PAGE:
As he did so, he instinctively looked to his right and saw at approximately 4 o’clock another Sabre – flown by Shaukat Ali – at 800 yards and rapidly closing in, ready to fire. Pingale decided to take on the Sabre coming in behind, as it would be easier for him to engage rather than Bunsha who was much closer to it. Bunsha was in a better position to continue the attack on the Sabre ahead. Pingale called out on the R/T to Bunsha “Bunny, go after the bogey ahead; I’ll tackle this bogey coming from the rear”. Bunsha replied ‘Roger’ and went after Alam’s Sabre.

As Pingale put in a steep turn to fly head on to Ali’s Sabre, both passed each other at a distance. Pingale reversed into another turn and before Ali could try and turn Pingo was behind him. Shaukat frantically pulled up the Sabre into the sun, hoping that he would lose the Hunter due to the glare, but Pingo was ready:

“We had practiced this many times earlier. You can’t go forever into the sun because you don’t have the energy. The speed will decay and you will fall off, so I had to just wait and keep looking at the sun, hoping to see him when he comes out of somewhere, either to the left or to the right of the sun.”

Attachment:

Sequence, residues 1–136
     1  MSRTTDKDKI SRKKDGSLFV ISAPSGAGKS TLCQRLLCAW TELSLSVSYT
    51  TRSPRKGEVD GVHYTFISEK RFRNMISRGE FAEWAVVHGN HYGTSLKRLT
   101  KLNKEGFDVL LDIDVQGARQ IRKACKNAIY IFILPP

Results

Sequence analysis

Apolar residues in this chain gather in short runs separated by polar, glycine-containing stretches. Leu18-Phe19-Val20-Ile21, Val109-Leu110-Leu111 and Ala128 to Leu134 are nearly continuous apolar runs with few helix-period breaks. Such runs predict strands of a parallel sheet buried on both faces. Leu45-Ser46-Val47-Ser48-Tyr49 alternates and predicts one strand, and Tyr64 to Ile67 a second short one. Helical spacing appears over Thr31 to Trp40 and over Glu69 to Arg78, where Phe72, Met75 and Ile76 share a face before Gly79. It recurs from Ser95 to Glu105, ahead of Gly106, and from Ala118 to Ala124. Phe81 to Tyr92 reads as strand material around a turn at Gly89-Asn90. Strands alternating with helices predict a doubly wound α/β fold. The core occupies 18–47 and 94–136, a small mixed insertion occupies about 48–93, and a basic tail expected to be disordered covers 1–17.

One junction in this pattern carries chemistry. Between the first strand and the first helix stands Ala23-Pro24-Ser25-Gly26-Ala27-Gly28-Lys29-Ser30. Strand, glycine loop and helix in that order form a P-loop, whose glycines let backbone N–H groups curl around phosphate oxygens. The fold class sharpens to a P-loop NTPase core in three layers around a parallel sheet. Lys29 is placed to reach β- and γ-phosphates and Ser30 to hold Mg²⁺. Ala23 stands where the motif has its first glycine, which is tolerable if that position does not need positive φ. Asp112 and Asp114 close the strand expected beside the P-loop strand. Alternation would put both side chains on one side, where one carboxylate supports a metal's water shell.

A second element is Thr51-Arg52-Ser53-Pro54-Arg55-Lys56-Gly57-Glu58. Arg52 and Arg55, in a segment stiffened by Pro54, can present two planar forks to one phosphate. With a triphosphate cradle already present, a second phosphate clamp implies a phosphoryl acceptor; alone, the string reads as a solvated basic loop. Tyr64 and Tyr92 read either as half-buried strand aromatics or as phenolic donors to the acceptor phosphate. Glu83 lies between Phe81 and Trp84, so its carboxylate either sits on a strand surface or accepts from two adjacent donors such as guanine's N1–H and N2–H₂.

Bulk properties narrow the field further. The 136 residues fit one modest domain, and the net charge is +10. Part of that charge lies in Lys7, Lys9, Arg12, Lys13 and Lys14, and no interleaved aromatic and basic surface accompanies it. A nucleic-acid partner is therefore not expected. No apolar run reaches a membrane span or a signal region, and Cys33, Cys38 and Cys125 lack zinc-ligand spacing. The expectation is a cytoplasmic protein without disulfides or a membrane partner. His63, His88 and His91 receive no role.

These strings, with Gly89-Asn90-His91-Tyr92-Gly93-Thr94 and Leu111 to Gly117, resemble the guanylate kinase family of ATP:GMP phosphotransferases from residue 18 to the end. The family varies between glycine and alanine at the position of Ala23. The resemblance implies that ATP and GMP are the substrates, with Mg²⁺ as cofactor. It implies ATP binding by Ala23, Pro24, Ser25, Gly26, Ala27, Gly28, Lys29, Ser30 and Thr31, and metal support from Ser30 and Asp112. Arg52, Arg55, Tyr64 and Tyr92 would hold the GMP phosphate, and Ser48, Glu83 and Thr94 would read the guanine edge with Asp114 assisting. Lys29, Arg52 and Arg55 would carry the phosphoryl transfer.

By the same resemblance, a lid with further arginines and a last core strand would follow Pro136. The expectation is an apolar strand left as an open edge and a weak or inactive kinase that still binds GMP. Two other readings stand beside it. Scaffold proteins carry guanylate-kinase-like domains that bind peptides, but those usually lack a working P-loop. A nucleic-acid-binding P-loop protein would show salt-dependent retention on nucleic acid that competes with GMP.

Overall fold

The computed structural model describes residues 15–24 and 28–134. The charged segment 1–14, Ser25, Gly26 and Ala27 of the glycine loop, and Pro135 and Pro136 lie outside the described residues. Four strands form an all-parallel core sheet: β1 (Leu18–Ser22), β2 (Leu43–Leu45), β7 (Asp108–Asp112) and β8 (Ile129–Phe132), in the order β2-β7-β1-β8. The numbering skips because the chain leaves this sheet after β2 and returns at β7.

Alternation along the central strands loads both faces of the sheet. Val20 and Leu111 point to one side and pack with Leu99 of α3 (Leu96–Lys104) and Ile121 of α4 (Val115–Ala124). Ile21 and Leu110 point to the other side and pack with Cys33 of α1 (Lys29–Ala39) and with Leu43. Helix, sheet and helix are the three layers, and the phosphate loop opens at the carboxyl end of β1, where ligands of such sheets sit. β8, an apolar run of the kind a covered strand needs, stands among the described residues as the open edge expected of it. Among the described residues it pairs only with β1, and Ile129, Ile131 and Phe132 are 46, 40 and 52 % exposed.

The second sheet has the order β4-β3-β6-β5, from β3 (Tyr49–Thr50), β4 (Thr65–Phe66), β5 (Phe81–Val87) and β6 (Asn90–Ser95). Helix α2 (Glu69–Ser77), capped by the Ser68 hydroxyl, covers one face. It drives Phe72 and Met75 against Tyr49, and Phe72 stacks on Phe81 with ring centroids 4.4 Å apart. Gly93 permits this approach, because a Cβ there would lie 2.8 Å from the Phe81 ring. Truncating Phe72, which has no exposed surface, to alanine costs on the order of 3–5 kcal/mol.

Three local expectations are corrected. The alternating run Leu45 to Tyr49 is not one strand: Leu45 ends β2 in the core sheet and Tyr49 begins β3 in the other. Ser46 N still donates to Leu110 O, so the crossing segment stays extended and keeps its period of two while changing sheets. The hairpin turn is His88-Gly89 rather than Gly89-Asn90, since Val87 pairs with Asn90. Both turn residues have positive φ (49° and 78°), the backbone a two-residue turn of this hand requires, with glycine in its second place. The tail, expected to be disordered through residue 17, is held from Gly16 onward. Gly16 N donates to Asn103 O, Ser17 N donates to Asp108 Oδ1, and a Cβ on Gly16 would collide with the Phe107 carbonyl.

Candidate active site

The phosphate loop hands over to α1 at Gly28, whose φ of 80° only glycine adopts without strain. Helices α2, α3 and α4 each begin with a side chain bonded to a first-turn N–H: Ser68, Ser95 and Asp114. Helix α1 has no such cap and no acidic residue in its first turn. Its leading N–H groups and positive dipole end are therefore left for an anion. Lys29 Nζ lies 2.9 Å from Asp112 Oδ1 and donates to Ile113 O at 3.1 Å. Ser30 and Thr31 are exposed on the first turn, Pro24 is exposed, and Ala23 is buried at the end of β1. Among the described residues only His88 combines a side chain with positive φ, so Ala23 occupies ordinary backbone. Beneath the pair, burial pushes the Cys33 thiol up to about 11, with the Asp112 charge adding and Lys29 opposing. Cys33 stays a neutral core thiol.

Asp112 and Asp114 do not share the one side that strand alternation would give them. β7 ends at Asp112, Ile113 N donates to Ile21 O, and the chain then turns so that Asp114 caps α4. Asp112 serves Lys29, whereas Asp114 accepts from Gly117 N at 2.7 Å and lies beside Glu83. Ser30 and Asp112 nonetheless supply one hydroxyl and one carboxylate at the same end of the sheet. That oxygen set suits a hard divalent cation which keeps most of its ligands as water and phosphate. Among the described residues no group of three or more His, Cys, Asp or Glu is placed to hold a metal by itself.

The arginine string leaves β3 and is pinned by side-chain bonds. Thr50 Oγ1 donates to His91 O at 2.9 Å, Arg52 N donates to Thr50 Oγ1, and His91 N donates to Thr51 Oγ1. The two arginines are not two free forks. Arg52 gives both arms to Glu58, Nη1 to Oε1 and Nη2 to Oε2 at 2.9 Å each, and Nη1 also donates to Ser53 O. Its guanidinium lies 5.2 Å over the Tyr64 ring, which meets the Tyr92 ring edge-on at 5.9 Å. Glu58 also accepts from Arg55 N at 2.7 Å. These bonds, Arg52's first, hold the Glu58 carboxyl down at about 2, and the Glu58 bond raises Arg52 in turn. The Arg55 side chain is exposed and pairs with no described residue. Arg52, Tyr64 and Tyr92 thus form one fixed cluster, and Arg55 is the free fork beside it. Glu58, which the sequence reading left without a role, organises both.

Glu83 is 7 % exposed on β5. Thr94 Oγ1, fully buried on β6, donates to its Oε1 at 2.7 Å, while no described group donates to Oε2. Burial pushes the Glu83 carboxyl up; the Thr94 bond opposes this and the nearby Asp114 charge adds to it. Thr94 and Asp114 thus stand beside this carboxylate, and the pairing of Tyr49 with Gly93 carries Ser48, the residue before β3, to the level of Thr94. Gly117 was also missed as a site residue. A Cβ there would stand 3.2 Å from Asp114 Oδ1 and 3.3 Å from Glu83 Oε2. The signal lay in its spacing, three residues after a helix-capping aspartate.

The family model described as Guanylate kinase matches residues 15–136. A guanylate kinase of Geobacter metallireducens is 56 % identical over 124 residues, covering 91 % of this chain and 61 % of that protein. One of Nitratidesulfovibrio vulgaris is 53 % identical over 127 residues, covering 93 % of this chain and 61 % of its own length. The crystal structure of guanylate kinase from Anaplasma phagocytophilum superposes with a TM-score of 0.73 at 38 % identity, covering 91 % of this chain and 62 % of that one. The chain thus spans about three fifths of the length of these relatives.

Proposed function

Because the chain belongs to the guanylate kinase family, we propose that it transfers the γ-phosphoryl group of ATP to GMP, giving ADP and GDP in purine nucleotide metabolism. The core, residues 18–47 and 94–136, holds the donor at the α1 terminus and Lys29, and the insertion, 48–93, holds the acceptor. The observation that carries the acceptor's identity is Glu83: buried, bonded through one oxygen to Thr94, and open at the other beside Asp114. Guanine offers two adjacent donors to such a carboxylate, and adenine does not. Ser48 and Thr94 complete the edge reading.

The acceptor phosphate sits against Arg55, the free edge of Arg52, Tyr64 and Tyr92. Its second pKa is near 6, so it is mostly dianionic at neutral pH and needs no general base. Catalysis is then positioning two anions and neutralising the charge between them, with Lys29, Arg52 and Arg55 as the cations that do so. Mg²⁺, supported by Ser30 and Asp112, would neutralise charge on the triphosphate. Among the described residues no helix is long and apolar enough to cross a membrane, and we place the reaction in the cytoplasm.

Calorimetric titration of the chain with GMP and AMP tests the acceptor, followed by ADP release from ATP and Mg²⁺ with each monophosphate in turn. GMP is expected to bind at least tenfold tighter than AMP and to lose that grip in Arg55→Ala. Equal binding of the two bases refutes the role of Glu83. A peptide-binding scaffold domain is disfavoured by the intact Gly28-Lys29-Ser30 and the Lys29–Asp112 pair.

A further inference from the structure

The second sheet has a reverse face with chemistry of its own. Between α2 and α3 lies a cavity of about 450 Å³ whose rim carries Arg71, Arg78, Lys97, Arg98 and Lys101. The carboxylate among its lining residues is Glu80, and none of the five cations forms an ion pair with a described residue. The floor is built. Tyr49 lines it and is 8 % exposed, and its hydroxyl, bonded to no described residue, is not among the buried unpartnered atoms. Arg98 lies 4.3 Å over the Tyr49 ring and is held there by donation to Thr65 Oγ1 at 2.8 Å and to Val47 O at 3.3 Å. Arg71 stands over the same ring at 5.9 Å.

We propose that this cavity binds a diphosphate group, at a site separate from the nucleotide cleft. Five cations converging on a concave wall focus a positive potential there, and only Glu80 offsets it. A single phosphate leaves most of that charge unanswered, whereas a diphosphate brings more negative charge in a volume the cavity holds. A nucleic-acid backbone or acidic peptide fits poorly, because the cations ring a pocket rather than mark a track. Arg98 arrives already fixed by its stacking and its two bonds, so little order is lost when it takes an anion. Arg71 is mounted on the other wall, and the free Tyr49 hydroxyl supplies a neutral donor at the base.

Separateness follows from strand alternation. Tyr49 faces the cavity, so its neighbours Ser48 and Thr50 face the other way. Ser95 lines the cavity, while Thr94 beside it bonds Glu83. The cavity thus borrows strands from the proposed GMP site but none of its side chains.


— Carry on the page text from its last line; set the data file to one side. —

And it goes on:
Sure enough, as its speed bled off the Sabre fell. Pingo saw the Sabre coming out of the sun from the right and immediately increased power. Even as the Hunter’s powerful Rolls Royce engines kicked in, the Sabre continued to fall; Ali jettisoned his drop tanks and snapped the aircraft into a slow turn, expecting Pingale to overshoot. Pingo could see the Sabre’s leading edge slats open and knew the aircraft was going to turn tightly. As the Sabre’s speed bled off, Ali probably panicked in anticipation of stalling. He once again straightened out and pulled up: a common mistake in aircombat made by pilots not comfortable with pushing their aircraft to its limits. It was a crucial error for it allowed Pingale to stay behind the Sabre.